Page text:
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- Nurse Barb
Our Featured Guest Writer Today is Laurie Andreoni, President, Waking Dream Designs
Alopecia, or hair loss, is a chemotherapy side effect that many of us fear more than any other aspect of treatment. With no hair and the high stress of cancer treatment how can you maintain confidence?
After losing my hair from chemotherapy for breast cancer, I panicked when my skin became too sensitive for wigs. A scarf tied behind my head reminded me of dusting cobwebs. I wanted something comfortable and poufy so I wouldn’t look as lousy as I felt.
This became a mission of creating something beautiful out of this chapter of my life. I learned to wrap big scarves, and the style was so unique that it drew compliments even from strangers. Since it was difficult to imitate, I snipped fabrics into a new pattern, produced short runs with a sewing contractor, and Titillating Turbans were born! (more…)
How many of you are confused by the seemingly endless rounds of recommendations about breast cancer screenings? I know that I am and so this post is designed to help answer the 6 essential questions that will help you decide what to do about breast cancer screening.
1. When Shouldbe Started?
In general, for women without a family history of breast cancer, According to the American Cancer Society, mammograms should begin at age 40. If there’s a strong family history of breast cancer, your health care provider may recommend earlier screening.
Nurse Practitioner, Kathy Trotter came up with an supportive idea to improve one of the ordinary trips to the doctor’s office for women with breast cancer . At Duke, when a breast cancer survivor comes in for their annual visit, instead of sitting in the waiting room they can be immersed into an inviting and supportive group setting.
They have the ability to “take their own blood pressure and write down their weight and pulse on their own chart.” This allows women to get to know each other and learn from others who have experienced what it takes to deal with the diagnosis and treatments for breast cancer first hand. (more…)
Consider radiation therapy that takes days not weeks
For women with breast cancer who need to have radiation in addition to or instead of surgery, the prospect of enduring radiation treatments for 6 weeks can seem like forever. Now there are new shorter course radiation treatments that deliver effective, high doses of radiation in a much shorter time frame.
Do you wonder if you’re at higher risk of developing breast cancer than your sister, friend or cousin? If you’re like most women, you have friends and/or family who have been diagnosed with breast cancer and you may be wondering, “Why them? What about me? Am I at high risk?
Breast Cancer is still the most common type of cancer in women. Each year approximately 200,000 women will be diagnosed with breast cancer. Early and better detection and research that’s led to advanced treatments are all improving the outlook for women diagnosed with breast cancer, and yet many of us wonder if we’re at high risk. There are lists of risk factors, but making sense of what to do with the information is daunting.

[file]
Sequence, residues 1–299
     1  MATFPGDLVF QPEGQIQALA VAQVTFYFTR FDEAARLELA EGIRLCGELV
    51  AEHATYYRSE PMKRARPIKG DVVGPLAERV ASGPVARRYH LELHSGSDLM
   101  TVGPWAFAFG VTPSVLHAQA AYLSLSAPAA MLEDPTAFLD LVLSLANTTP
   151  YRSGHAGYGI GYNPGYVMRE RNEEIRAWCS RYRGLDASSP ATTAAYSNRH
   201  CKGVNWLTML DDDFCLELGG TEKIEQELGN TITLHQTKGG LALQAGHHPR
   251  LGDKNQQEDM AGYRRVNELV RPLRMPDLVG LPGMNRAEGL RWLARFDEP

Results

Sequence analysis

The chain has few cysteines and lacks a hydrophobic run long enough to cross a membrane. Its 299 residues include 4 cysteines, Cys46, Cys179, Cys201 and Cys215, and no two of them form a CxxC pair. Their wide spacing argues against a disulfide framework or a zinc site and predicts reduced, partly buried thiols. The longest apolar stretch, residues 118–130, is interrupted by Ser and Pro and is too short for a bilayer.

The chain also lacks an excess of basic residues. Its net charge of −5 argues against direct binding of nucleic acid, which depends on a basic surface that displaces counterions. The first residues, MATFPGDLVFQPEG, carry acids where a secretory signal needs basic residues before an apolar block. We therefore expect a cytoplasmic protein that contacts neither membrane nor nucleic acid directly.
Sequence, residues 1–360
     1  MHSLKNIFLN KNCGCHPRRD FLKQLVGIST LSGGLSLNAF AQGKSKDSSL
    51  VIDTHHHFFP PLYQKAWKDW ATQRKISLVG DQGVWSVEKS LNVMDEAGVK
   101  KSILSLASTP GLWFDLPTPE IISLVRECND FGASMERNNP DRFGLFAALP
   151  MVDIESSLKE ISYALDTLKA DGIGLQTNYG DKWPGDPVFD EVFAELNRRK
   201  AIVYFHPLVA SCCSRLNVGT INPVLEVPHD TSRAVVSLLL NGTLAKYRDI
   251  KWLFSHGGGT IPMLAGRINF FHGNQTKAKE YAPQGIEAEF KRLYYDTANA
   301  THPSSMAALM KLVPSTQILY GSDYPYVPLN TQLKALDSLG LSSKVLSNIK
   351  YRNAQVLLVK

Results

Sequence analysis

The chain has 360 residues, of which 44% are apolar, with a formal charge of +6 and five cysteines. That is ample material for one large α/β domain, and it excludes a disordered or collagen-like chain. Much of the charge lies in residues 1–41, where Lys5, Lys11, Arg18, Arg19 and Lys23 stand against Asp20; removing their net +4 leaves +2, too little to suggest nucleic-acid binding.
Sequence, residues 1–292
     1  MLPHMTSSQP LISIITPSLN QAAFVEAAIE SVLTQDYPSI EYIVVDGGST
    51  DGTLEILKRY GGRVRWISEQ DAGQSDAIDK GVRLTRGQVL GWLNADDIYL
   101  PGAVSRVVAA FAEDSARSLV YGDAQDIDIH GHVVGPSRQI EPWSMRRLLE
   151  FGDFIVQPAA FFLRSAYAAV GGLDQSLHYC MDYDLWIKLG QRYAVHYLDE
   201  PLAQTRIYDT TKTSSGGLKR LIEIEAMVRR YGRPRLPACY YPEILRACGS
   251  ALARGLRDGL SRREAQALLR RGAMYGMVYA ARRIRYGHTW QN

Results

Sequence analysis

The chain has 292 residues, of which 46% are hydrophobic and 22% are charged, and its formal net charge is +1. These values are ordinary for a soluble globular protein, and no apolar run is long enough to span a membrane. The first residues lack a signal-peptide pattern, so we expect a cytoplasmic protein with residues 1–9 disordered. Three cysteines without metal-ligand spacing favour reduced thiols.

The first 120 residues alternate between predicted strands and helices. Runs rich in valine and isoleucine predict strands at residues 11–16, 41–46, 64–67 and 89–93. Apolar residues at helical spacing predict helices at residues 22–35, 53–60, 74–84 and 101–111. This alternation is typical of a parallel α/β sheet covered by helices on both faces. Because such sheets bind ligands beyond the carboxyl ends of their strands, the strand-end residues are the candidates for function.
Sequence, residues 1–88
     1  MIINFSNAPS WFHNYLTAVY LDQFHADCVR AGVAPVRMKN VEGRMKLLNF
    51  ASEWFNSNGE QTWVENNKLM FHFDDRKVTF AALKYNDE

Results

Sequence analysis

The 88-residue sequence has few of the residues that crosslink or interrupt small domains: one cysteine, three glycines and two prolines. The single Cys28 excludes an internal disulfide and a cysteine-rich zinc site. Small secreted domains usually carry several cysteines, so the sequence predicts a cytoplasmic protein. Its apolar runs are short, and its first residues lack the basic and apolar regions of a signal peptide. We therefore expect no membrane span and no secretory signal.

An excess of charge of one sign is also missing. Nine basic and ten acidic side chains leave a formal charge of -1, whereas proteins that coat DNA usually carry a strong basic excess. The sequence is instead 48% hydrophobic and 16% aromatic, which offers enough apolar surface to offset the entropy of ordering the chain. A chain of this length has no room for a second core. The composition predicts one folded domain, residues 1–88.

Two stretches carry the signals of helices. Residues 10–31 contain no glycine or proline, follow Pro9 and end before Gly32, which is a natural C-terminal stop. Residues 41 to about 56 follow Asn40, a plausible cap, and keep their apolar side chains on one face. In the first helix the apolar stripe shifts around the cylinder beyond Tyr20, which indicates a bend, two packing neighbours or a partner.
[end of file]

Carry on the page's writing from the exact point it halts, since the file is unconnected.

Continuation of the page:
Yearly Fearly Mammograms
I have a mammogram every year because I’m at high risk for breast cancer. As many of you know my mom had breast cancer when she was 32. I was 5 at the time and remember being cared for by relatives as she recovered.
Fortunately, she recovered after having a radical Halstead mastectomy and was free from Breast cancer for the rest of her life. I’m fairly certain that I chose nursing as a profession in small part because of the glowing way she described the nurses who cared for her. Growing up with the knowledge that there were many women in my mom’s family with breast cancer, including my own mother who found a small hard lump in the shower in her early 30’s absolutely adds to my anxiety every spring when I have my annual mammogram.
I was just reading in a magazine about Robin Roberts, her friendship with Diane Sawyer and how Robin’s breast cancer changed their relationship. It was brave of Robin to share her experience with ABC Good Morning America Viewers. She’s recovering, optimistic and worked through her chemo. I love what she said about how her friends were part of the “cure.”
It reminds me of a dear friend, Kim, who would invite friends to her “chemo dates.” She wanted to be entertained, or distracted or just have someone with her if she was tired. She was always quick with a smile and liked to share her friends with other women who were there alone. (more…)
A recent study calls into question the wisdom or necessity of doing Breast Self Exams. When I read these I’m always a little worried, as sometimes the relevant and pertinent information is lost in the fine print at the bottom. It was found that even though recommended, a monthly self exam may do more harm than good in certain women in certain age groups. Self exams done often led to an increased number of benign and normal lesions being found, which resulted in more intervention and biopsies. (more…)
Every year when I have my , I dread the possibility that this year will be the year that I hear bad news. With a mother who had breast cancer and caring for so many patients who have developed it over the years, I always wonder, “Will I be next?
There are so many things that are out of our control, but as it turns out there is a way to lower your risk of developing (more…). And I’ll give you a hint, it’s just one word: Exercise.